Listen to Understand, not to reply
Somewhere along the way, in our conversations we learned to listen to reply, rather than to understand. One quick social media check affirms this as it permeates our culture and politics. While these areas can appear easiest to observe and identify, it's so important to see how this happens in our homes with how we parent, within our marriages, and how we engage as family. For some of us, this might be less noticeable.
Listening was meant to go with understanding and a call to action from both people that resulted in a collaborative step towards union.
It is easy to make listening about ourselves. It's subtle. It's the, 'yeah, but..' responses. It's the fact that we are listening with our ears but in our own headspace, we have our own things we want to say or our own agenda we want to get across. It can be how your body conveys that you're not attentive, no matter how you think you might be listening. Maybe you did in fact listen, but your actions aren't backing up your ears. Or perhaps deep down you really don't have a collaborative spirit with a desire for union in said conversation.
Listening well demands a combination of internal and external work. It demands that the listener be clear minded, figuratively ‘empty' to fully be able to intake what's being said. That space then needs to exercise intake: interpretation, retention, recall, and then interact with feelings and ultimately decide on an action. When we fill that space along with, 'yeah, but..,' or a reply of our own agenda, that space your brain uses for interpretation, retention, recall, interactions with feelings, and action, has to share space with additional retention, recall, interaction with feelings and its own desired action that tangentially relates (or not) to what's being heard and taken in. See how that occupies space, effort, and cost of energy that may have impacted our ability to listen well?
Listening well also needs external. It needs the body to back your effort to listen. Is your posture attentive and body facing your conversational partner? Is your body preoccupied with a TV or phone? Is your body doing something else entirely or in the middle of a task? Again, these can be subtle, but convey a powerful message of disconnect and create areas that invite ripe misunderstanding.
If one listened well, typically, a bodily response is needed. It could be the need to convey empathy. Perhaps touch is needed. Perhaps a change in behavior is being requested, or a task to be completed. Without this external application, listening ultimately 'falls on deaf ears' because the body didn't take in what came in through the ears. To aid this from not happening, identifying and express feelings within conversation are so important because our body responds to when we identify feelings whether we pick up on it or not, by literally physically retaining it. For example, when we feel sad, we feel heavy hearted and hard to breathe, or when we are happy, we have smiles on our faces and our shoulders feel light.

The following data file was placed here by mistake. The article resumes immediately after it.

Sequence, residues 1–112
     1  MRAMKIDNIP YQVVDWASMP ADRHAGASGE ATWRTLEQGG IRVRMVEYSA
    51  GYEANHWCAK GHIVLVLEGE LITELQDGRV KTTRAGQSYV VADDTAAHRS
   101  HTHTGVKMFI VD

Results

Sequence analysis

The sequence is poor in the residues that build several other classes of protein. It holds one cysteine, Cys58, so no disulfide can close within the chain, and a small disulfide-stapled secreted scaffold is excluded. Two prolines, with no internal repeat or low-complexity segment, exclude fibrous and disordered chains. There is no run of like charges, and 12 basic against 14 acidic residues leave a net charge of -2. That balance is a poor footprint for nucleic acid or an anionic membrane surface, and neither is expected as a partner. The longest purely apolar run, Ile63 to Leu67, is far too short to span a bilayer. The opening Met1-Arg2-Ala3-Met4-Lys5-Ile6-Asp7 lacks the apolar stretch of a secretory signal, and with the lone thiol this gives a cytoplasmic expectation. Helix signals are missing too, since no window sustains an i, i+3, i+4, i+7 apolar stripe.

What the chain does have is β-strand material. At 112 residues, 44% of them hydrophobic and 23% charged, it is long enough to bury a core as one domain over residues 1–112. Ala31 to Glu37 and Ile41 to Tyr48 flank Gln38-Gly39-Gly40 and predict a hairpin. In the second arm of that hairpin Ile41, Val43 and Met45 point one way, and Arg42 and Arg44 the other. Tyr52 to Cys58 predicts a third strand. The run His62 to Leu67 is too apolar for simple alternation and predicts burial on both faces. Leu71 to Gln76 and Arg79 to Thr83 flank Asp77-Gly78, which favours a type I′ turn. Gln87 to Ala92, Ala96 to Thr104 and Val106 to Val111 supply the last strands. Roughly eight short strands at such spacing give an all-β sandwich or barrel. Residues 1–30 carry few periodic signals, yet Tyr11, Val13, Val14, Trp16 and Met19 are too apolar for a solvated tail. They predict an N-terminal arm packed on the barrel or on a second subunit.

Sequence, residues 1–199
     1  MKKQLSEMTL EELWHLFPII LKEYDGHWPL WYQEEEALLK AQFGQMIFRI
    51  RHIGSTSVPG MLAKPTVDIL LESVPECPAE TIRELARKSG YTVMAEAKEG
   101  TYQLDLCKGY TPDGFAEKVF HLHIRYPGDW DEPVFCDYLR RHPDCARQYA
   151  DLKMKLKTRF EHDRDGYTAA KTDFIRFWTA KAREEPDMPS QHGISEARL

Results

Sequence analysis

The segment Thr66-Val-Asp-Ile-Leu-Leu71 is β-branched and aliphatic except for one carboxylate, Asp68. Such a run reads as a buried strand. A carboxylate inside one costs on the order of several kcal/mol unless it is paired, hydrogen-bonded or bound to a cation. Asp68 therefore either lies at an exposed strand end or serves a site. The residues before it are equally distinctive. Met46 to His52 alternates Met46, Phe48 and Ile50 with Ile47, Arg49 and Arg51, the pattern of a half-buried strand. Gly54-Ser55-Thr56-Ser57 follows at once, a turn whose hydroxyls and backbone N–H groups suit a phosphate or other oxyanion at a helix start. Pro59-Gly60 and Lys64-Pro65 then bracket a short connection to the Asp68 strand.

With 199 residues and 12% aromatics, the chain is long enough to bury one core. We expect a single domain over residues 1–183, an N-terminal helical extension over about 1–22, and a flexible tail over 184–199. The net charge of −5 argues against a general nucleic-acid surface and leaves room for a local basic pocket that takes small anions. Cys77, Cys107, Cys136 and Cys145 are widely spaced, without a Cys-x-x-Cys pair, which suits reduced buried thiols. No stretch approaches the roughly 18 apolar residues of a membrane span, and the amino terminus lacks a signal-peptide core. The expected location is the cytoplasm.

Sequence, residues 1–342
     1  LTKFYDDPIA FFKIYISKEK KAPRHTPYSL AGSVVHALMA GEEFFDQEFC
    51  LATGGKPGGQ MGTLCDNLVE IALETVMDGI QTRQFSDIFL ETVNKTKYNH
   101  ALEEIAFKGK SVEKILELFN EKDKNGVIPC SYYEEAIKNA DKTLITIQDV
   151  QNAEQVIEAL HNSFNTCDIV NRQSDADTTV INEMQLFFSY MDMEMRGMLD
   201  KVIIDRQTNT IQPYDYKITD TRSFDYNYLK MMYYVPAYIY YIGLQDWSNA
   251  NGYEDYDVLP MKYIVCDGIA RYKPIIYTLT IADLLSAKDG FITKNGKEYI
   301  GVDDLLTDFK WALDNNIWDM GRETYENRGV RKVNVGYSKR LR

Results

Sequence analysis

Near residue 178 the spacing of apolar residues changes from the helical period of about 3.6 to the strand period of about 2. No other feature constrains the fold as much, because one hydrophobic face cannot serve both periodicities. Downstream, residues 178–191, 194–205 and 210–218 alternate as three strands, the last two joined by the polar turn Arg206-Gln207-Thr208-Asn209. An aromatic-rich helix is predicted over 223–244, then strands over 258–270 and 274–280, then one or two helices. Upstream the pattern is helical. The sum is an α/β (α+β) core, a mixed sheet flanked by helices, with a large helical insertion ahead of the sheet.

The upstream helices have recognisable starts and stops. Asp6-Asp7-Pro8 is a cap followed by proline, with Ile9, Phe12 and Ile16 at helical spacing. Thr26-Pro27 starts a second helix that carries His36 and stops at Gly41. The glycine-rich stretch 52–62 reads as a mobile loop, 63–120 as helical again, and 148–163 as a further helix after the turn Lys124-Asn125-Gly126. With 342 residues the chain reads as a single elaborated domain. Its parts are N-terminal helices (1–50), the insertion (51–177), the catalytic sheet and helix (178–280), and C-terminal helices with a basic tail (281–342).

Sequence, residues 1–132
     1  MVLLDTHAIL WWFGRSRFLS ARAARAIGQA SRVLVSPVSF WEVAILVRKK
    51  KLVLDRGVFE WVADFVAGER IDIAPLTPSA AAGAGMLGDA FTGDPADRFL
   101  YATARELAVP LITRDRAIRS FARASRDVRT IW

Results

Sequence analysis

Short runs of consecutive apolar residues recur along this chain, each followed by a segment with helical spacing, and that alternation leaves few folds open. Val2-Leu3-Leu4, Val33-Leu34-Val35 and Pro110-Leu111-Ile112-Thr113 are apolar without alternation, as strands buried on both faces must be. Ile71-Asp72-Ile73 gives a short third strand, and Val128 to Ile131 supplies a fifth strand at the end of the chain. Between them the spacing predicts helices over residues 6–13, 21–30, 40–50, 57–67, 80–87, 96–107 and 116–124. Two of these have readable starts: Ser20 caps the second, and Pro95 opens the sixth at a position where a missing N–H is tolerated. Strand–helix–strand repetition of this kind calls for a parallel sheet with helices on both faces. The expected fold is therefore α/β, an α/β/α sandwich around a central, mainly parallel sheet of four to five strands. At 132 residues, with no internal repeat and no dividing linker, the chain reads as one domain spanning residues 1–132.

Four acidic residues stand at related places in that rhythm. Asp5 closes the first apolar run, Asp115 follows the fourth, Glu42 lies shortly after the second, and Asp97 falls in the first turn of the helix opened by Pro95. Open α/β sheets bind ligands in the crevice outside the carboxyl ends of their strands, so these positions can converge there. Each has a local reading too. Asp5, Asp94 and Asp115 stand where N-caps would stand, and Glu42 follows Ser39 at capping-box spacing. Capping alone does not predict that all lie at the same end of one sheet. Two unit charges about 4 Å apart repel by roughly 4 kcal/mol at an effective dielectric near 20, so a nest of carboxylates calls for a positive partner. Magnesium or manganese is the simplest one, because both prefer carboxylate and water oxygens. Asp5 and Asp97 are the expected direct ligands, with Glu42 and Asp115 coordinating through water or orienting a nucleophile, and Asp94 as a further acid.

The most impactful internal barometer lies in the spirit. Do we have a collaborative heart? Do we desire union? Do we desire co-action? If we don't, listening immediately becomes about me and not us, and the seeds of listening to reply are born. So take time to really tune into yourself and ask where in this spectrum you are in the moment. Question your motives. From there, it will indicate to you what you might need to do. You might need to purposefully create more brain space. You might need to adjust your body to convey better attunement. You might need to do what you don't want to do.
What does this do for you? You gain internal honesty and a desire to externally act on trust, and ideally, love. You also gain an understanding of self, and the other which then gets a chance to convey itself. All because you took the effort to listen to understand, not reply.
I encourage you to give it a shot and see what you notice! How much of the subtleties can you pick up on? What feedback can your conversational partner give you? May these efforts give you insight, clarity and enriched relationships.
Andy is a therapist who provides positive, helpful, thought-provoking information and tools for you